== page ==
Why It's Impossible to Manage Manchester United
Ole's at the wheel, but is his grip already slipping?
At the end of February, Manchester United went to London and beat Crystal Palace, 3-1. Of course, Manchester United are supposed to beat Crystal Palace, and the three points pushed United to just one point back of fourth-place Arsenal. Compared to the previous season, when they finished second? Not great. Within the grand historical context of United, who’ve won more English titles than any club? Even worse. But compared to where things were on December 18, when the club fired Jose Mourinho and replaced him with interim manager Ole Gunnar Solskjaer? Pretty good! Upon Mourinho's departure, the team was 11 points back of fourth, sporting a dictionary-average goal differential of zero down in sixth place.
With just 11 league games under his belt as United manager, Solskjaer, who scored 91 goals in 231 Premier League appearances while playing for the club, had yet to lose -- nine wins, two draws. His only other managerial experience at this level couldn’t have gone any differently. In January 2014, he was hired by Cardiff City, with the club just one point clear of the relegation zone. With Solskjaer on the sideline, Cardiff won nine of 30 games, drawing five, and losing the other 16. They were relegated, and club and manager parted ways a month into the following season, with the club suddenly sitting in 17th place in England’s second division.
Some five years later, all signs were pointing toward OGS being appointed as the full-time manager of one of the three richest clubs in the world. Seeing this possibility set in motion and and moving down the tracks toward reality, a Dutch analyst named Sander IJtsma said something that made a lot of people mad on the Internet:
Between The Posts @BetweenThePostsPassmaps & xGplot for Crystal Palace against Manchester United. #passmap #xGplot #autotweet https://t.co/JLqF4OIz4F
It’s an absurd thought: Rip up the contract for your dream job, coaching the club at which you spent the best part of your playing career. Pass up a sum of money that’ll put your grandkids through college. (Although perhaps Elizabeth Warren will hopefully soon make the previous sentence moot!) But really, it was just a provocative way to point out what was really happening: United were getting incredibly lucky. In the first 11 games in the Solskjaer era, they scored 26 goals on just 20.8 expected goals, and they’d allowed just seven on 13 xG. In the Palace match, United were outshot, 17-13, and the expected goals total also favored the hosts: 1.7 to 1.0. Look back at the highlights, and you’ll see three United goals and three impressive, tight-angle, tough-to-replicate finishes. Great plays by talented players, but not the kinds of things you can rely on, week after week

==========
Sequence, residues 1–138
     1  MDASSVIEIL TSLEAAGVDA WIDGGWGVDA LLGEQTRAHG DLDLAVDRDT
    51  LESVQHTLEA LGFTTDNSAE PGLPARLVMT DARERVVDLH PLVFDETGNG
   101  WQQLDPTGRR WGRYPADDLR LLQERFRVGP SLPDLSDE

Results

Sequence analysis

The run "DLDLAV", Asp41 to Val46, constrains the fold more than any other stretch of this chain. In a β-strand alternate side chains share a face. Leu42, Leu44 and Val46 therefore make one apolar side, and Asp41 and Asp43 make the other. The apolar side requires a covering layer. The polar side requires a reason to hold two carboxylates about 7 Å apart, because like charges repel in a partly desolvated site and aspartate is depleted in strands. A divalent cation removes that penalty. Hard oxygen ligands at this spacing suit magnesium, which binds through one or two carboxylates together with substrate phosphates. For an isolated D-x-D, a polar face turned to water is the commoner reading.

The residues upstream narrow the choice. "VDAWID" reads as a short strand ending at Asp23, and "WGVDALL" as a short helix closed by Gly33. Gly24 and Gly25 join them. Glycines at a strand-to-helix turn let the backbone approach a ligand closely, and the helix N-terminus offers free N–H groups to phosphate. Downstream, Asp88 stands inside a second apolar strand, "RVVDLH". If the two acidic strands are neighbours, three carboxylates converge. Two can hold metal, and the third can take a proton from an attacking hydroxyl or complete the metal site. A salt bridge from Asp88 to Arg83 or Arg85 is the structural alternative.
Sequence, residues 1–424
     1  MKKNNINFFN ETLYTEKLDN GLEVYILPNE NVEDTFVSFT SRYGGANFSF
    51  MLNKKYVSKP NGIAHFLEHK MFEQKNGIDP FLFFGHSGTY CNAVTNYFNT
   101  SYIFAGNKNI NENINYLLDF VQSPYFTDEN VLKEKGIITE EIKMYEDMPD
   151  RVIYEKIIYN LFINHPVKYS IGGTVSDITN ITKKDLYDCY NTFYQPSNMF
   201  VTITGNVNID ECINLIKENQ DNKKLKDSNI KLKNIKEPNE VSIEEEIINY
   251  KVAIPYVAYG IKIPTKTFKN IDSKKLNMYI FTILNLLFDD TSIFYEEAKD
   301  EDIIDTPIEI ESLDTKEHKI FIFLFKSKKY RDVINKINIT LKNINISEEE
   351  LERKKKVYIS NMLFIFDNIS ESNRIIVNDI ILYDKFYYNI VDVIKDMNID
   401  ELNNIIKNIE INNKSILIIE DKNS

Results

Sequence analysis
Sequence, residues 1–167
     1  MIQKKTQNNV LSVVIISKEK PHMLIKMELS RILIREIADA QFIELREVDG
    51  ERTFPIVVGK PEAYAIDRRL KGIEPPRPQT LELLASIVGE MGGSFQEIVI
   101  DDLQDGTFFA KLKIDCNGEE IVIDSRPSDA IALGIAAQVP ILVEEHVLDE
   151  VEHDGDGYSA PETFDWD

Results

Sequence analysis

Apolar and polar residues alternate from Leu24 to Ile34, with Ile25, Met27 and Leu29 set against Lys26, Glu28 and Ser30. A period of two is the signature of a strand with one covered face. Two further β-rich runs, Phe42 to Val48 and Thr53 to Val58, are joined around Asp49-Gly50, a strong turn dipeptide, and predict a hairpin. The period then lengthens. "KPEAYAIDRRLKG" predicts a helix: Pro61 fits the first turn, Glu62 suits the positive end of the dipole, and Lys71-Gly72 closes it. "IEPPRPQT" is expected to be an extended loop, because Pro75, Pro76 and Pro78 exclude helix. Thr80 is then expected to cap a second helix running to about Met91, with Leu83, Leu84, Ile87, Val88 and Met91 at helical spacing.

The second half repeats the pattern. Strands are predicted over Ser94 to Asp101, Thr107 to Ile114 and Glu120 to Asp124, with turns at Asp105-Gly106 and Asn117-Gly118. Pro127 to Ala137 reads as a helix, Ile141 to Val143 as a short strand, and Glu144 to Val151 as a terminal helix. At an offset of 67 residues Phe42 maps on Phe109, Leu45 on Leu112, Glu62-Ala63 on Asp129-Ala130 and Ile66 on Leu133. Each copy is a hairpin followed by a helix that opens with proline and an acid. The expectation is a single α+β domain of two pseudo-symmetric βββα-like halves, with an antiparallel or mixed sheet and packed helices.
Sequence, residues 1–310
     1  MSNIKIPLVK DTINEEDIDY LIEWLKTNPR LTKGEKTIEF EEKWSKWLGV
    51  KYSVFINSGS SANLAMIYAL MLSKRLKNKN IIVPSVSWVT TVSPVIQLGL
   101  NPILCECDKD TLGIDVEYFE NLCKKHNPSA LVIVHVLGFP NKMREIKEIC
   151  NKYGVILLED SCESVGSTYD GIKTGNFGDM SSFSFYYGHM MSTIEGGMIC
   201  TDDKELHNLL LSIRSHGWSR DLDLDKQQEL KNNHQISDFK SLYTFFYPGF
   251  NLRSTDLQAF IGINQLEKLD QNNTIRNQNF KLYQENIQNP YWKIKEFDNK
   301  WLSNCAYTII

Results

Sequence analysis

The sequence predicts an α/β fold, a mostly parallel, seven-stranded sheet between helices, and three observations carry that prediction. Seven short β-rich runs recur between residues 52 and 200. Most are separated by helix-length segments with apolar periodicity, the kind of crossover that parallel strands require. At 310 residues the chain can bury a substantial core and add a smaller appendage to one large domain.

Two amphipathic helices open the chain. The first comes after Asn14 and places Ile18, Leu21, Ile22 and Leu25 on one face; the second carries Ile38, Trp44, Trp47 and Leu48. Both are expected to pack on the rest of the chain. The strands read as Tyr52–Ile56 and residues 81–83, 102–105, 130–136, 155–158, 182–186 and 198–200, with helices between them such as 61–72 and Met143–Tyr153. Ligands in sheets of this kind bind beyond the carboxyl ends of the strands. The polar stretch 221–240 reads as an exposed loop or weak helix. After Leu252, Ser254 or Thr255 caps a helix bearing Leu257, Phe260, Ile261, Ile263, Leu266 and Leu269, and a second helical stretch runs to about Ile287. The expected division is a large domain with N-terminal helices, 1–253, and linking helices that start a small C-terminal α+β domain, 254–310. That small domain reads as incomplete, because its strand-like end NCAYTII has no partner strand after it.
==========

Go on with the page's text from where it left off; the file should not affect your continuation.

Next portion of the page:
Since the Palace game, United went on to beat Paris Saint-Germain in the Champions League, thanks to an improbable 3-1 victory in France, with all three goals aided by a succession of bizarre errors from PSG players. Then, they hired OGS full-time. And then -- well, they haven’t won a road game and are just 2-4 on the whole since letting Ole permanently take the wheel. They went out of the Champions League meekly, 4-0 on aggregate to Barcelona. And with Manchester City coming to Old Trafford tomorrow, their Champions League hopes will be completely blown out with just the tiniest gust of wind. FiveThirtyEight gives them a seven percent chance of finishing top four.
There’s regression to the mean, and then there’s getting punted into outer space by Lucas Digne and the boys at Goodison Park:
Now, the question seems to be: Did United make a mistake? Gary Neville, who works for Sky Sports and played with Solskjaer at United, was quick to blame the players and absolve his former teammate of any fault re: recent results. However, over at the BBC, Jermaine Jenas said that the move to appoint Solskjaer was “based on emotion rather than actual logic".
But I wonder if Sander wasn’t asking the right question a couple months ago. Everyone has their own needs -- financial and otherwise -- and please, follow whatever blisses you may or may not have. It’s just that while Manchester United are the most successful club in the history of English soccer, almost all of their managers have been failures.
There’s Sir Matt Busby, who won five first-division titles. There’s Sir Alex Ferguson, who won 13. And then there’s everybody else. From a piece John Brewin wrote for The Blizzard back in March:
Only three managers of 22 full-time appointments, Busby, Ferguson and Ernest Mangnall, who departed the club in 1912, have contributed to the 20 league titles that make United the most successful club in English domestic terms. Only four others presided over a trophy win: Tommy Docherty, Ron Atkinson (twice) and van Gaal with the FA Cup and Mourinho with 2017’s League Cup and Europa League double.